Sketching is the major work in creating the art. Sketching involved several steps, the first of which was to lay down the main lines of orientation. Most important was the central vertical axis, for this would be the exact center of the painting around which the artist would plan the rest of the composition. The vertical axis usually marked the center of the main figure, and it was in relation to this line that .
Another main step is to apply washes for shading and gradual transitions of tone. Shading is called Dang in Tibetan which is one of the special feature of Thangka painting. Shading is an important feature of thankapainting, taking up a large portion of the time, and is done very carefully and precisely. Shading in this context does not mean the treatment of light and shadow within the whole composition, for the distribution of light and .
After cleaning the pigment it had only to be mixed with the binder to become paint. For blending a pigment and binder you can simply mix it. Paint preparation can take a full day to prepare the five primary colors. Traditionally, the materials included a variety of mineral and vegetable substances minerals, precious stones, bark, leaves, flowers (especially the rock rose), gold, silver, copper, etc. Each had to be collected from its source in different .
By the time the painter sat down to begin the sketch he already had in mind the main contents and design of the thangka. Usually, the patron had indicated to the painter precisely which deities he wanted to be depicted. Sometimes the patron also furnished a diagram that showe the names and relative positions of each figure in the painting, such diagrams often having been composed by the lama of the patron. When the .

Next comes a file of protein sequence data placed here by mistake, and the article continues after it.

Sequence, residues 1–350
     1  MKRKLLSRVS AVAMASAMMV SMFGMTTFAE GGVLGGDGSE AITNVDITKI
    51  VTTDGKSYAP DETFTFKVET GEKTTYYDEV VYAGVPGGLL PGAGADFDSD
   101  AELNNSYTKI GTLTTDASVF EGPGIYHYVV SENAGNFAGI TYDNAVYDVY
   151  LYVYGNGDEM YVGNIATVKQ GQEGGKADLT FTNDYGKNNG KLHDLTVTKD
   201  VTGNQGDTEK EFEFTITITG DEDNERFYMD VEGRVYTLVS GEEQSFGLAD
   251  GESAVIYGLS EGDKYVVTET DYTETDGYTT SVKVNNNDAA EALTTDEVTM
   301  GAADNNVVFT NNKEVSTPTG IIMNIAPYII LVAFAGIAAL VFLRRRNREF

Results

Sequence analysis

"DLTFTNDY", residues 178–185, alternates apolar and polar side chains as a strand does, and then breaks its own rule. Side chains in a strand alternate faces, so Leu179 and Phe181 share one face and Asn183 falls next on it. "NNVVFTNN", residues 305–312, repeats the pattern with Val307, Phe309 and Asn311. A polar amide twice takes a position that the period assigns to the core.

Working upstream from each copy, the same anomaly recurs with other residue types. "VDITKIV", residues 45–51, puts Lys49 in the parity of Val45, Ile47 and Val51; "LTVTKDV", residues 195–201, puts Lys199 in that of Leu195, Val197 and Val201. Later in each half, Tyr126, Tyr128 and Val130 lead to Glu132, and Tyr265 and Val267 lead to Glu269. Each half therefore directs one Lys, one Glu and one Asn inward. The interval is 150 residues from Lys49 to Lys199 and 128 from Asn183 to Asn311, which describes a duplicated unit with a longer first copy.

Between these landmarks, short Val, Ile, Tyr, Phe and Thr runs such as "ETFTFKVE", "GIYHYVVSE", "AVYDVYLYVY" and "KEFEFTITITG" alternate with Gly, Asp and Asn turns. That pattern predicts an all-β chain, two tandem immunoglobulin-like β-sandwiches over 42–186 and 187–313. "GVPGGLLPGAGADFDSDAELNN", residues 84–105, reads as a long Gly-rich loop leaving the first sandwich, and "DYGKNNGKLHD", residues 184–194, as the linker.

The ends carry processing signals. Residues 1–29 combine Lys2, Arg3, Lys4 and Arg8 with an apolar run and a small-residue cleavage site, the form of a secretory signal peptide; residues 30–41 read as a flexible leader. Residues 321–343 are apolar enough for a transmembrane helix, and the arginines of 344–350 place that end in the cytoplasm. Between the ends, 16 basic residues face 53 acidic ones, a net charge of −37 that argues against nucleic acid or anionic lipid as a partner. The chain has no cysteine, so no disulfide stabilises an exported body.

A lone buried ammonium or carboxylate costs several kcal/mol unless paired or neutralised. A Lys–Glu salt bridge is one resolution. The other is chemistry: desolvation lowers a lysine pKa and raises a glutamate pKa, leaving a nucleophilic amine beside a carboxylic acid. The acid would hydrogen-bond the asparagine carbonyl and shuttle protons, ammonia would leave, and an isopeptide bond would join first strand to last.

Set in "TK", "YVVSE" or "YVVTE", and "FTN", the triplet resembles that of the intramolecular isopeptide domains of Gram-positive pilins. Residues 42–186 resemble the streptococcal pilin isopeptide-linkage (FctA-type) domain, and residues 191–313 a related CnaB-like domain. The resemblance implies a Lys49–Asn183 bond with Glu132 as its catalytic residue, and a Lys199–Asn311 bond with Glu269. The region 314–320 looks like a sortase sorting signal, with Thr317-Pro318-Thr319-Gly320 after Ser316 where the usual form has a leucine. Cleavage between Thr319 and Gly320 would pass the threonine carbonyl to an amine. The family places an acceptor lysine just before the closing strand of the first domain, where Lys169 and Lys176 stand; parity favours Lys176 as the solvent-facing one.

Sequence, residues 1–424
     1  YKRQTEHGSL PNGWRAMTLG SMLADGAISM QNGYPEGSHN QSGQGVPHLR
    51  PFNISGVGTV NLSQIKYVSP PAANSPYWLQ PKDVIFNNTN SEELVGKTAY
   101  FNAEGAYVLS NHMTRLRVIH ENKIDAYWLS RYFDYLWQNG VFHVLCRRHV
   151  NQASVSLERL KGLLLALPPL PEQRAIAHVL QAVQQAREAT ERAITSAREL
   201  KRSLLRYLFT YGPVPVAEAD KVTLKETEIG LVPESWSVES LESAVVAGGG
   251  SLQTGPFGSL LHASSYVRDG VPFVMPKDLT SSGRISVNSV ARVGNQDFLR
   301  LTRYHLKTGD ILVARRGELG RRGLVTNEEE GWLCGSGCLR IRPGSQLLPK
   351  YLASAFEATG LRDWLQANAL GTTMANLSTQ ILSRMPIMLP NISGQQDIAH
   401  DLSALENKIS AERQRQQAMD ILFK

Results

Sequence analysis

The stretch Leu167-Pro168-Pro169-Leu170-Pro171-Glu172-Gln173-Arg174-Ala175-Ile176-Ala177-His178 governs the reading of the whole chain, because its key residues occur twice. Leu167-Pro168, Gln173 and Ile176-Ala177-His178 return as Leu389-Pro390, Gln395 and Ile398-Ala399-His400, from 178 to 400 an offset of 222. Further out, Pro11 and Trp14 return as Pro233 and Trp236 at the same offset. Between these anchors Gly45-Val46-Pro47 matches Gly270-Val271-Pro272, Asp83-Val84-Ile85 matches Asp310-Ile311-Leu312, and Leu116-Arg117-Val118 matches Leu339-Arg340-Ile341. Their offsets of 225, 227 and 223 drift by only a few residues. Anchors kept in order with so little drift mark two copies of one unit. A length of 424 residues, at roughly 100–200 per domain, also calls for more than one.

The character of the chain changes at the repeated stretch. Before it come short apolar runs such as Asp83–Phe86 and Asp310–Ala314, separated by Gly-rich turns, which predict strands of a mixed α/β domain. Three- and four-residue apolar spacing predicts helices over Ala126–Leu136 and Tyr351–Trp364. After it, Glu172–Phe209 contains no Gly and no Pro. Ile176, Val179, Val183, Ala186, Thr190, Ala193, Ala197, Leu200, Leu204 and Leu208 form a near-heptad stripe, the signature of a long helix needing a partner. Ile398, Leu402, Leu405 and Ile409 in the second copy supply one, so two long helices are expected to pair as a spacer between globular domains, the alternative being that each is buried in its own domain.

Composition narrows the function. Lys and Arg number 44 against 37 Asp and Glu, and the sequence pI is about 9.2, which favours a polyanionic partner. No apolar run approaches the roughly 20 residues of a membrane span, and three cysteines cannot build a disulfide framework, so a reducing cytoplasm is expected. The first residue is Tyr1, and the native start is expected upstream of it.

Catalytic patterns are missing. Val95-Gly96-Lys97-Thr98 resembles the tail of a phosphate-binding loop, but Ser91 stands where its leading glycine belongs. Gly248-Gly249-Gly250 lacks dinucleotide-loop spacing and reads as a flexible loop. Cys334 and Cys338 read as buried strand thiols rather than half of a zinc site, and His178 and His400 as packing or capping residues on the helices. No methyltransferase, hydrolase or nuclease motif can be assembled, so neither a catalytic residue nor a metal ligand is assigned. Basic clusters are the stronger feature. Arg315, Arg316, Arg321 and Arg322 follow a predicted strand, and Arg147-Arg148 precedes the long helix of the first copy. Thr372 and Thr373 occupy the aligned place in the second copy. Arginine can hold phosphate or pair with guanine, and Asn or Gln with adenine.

Steps for Preparing a Thanka Painting The painters of Tibet pursued their art in an orderly and systematic I way. When creating thangkascroll paintings they proceeded through six clearly defined steps: The first step was the preparation of the painting surface. Second, came the establishment of a design on that surface by means of a sketch or transfer. The third step involved laying down the initial coats of paint, and that was followed .
A completed thangka, however beautiful or impressive, never tells the full story of the complex process artists to undergo to create such a divine image. We have compiled this list of Twelve steps involved in producing a traditional Thangka sacred painting to help you appreciate your new thangka. Although certain elements of thangka painting have changed since artists began painting in exile, much of traditional styles and techniques have been painstakingly retained. We hope .